Journal of a Living Lady #320
Nancy White Kelly
It there is ever an emergency or urgency in our household, you can be sure it will occur on the week-end. Busy sorting old coins, I picked up the ringing phone.
“Ye Old Coin Shop.”
The man on the other end sounded cheerful enough.
“Is this Dr. Kelly?”
“It is. How can I help you?”
He introduced himself as “Ted” with Clearcheck Collection Agency. Now that is not a company I was familiar with.
“And how can I help you?” I asked again, genuinely puzzled.
“You made a purchase at So-and-So drugstore in Blairsville, Georgia, on March 31st for $69.00.”
I vaguely remembered. “And?”
“Your check was returned. Are aware there is a $30 returned check fee.”
I interrupted him. “Excuse me. My check should not have bounced.”
“But it did. You need to send us $69.00 plus the $30 returned check fee today.”
My blood pressure was rising.
“That is impossible” I said. “We have an adequate amount of money in our bank account to cover that check.” I knew it was so because I had just checked the balance the day before.
“Mam, you need to send us $99. We are a COLLECTION AGENCY.”
My mind swirled as I tried to remember the many scams I have read about recently in emails and in consumer magazines.
“You are mistaken, sir. We haven’t bounced a check.”
He proceeded to give me a check number which certainly sounded like one of the series we were using. Ted said I could check it out on-line at clearcheck.com. I assured him that I would and that somebody would owe me an apology. He proceeded to tell me that they would take a credit card on-line. Hmm.
Our bank in Young Harris is not open on Saturday and there was nobody for me to call or vent to. I probably needed a doctor as my blood pressure had risen enough to launch a space shuttle.
Sure enough, on line I was able to see a picture of the check I had written. I carefully read all the information and it seemed correct. That was my signature. This was puzzling. Surely our bank would have notified us if we had a check that bounced. It hadn’t.
I called the chain drugstore in Blairsville and asked to speak to the manager. She was not there, but the assistant was.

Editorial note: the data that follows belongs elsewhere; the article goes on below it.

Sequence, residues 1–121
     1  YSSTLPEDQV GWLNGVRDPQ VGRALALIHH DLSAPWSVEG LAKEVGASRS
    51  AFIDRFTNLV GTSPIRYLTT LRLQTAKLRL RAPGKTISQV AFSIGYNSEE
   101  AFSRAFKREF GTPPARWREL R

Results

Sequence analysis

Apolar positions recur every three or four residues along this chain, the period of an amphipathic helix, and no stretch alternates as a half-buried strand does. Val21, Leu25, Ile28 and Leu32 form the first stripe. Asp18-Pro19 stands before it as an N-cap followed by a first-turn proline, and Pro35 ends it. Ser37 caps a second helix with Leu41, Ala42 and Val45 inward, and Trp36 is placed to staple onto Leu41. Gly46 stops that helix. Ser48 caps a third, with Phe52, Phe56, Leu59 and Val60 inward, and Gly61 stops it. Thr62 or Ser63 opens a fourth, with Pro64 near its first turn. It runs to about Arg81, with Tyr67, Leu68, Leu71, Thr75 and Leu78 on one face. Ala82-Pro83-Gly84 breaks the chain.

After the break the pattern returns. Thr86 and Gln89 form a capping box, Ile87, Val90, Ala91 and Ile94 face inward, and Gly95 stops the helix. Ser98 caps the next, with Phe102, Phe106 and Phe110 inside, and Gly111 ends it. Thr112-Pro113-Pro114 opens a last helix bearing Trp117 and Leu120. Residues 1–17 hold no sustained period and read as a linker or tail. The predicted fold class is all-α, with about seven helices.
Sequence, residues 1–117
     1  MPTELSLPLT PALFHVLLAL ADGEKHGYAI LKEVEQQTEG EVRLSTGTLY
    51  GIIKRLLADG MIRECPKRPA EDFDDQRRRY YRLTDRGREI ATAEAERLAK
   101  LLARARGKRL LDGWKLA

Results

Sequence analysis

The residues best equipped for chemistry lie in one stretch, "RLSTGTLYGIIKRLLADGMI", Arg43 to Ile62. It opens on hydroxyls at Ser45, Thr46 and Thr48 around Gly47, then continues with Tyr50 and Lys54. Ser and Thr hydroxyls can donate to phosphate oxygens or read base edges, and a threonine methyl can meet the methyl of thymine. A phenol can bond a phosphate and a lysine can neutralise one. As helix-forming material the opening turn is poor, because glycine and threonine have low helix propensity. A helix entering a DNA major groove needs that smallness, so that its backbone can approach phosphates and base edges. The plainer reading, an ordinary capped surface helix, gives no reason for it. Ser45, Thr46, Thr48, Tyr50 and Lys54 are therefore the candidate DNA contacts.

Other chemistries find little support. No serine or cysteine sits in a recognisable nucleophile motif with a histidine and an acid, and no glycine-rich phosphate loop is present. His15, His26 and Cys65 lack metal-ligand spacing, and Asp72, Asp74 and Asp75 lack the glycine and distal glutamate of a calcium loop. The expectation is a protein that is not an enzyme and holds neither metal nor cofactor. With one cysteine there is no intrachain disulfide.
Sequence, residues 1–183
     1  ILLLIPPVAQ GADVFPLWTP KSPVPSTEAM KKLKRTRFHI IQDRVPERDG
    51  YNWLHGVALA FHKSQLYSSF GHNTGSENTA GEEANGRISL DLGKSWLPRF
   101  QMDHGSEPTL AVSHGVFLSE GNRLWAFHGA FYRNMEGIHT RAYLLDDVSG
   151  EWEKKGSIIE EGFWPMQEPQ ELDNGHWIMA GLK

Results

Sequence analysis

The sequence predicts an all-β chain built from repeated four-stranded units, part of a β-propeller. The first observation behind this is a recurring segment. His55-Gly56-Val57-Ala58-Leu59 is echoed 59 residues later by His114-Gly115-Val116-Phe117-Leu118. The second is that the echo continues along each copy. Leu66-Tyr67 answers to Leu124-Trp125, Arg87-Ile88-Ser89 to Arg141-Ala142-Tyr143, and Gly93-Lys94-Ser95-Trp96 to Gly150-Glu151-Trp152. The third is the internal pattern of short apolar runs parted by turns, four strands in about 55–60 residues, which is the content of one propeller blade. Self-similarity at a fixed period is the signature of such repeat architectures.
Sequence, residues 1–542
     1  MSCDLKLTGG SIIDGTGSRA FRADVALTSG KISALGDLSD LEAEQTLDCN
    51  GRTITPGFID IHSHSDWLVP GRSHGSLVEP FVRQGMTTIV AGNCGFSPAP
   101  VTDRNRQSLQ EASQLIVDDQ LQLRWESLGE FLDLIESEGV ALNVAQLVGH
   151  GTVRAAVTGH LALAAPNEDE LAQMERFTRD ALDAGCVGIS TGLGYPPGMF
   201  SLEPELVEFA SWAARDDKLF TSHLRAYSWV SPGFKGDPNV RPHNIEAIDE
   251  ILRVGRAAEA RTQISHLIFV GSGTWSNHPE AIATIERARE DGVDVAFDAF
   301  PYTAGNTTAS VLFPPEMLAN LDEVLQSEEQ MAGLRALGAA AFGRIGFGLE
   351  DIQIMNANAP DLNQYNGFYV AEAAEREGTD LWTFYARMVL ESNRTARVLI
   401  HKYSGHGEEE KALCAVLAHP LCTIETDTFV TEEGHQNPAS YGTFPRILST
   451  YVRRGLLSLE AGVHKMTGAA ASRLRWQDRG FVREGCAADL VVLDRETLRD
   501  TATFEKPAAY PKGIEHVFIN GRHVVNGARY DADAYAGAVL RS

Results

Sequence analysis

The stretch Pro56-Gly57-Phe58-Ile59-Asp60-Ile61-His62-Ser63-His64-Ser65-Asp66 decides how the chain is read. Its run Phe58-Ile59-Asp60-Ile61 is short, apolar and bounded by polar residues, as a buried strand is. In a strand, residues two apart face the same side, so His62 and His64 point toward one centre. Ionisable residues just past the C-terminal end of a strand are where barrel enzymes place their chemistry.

“Does your drugstore use a company called Clearcheck?” Without hesitation the manager replied that it was. I told her how I was called by a collection agency. The manager explained that the drugstore doesn’t even know when a check bounces and gave me an 800 number to call.
Being the week-end, of course, I couldn’t reach anybody but a foreigner who informed me in imprecise English to call back during normal business hours.
There was nothing to be done until Monday. My school schedule doesn’t permit me time to take care of such things, so Buddy became the main man. I presented him with the information that I had scribbled down. I braced for his reaction which, if a video, would be named, “Dial M for Mutter.” He fumed all that day and the next.
Even though Buddy had to be in Ashville for a medical appointment, he was up at sunrise on Monday. He was standing at the bank window as they opened the blinds. The pleasant teller spotted the problem immediately. The check had been routed to the wrong bank.
Back at home, Buddy called the 800 number he was given. As expected, he got the robotic “If you want a certain party, dial 1.” Dial 1 directed him to another 800 number. After 5 demands to punch in any number from 1-5, he was finally given to a human being.
I would not have wanted to be the lady he finally reached. He went through the entire spiel again. The lady said she would take care of it. No apology was forth-coming.
Buddy wasn’t ugly, but he was emphatic, “It will be a cold day in you know where before ya’ll get my $30.”
The next day Buddy got a call from the drugstore. “You need to send Clearcheck another check for the $69 since they are the ones who still have it.” We haven’t and probably never will.
My question is, “What happens if Clearcheck deposits the first as well as the second check?” Call me anything, but “S-T-U-P-I-D” is not how you spell it.